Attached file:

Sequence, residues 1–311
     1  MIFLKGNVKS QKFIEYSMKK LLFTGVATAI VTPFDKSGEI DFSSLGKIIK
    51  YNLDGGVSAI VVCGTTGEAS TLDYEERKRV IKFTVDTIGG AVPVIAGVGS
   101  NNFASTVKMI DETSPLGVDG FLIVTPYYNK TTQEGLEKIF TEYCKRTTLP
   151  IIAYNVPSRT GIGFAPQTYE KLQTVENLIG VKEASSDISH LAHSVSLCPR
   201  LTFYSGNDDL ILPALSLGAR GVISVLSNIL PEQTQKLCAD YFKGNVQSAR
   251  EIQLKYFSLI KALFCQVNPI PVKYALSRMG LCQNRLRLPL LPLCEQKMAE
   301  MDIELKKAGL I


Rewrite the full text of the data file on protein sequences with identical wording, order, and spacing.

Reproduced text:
Sequence, residues 1–311
     1  MIFLKGNVKS QKFIEYSMKK LLFTGVATAI VTPFDKSGEI DFSSLGKIIK
    51  YNLDGGVSAI VVCGTTGEAS TLDYEERKRV IKFTVDTIGG AVPVIAGVGS
   101  NNFASTVKMI DETSPLGVDG FLIVTPYYNK TTQEGLEKIF TEYCKRTTLP
   151  IIAYNVPSRT GIGFAPQTYE KLQTVENLIG VKEASSDISH LAHSVSLCPR
   201  LTFYSGNDDL ILPALSLGAR GVISVLSNIL PEQTQKLCAD YFKGNVQSAR
   251  EIQLKYFSLI KALFCQVNPI PVKYALSRMG LCQNRLRLPL LPLCEQKMAE
   301  MDIELKKAGL I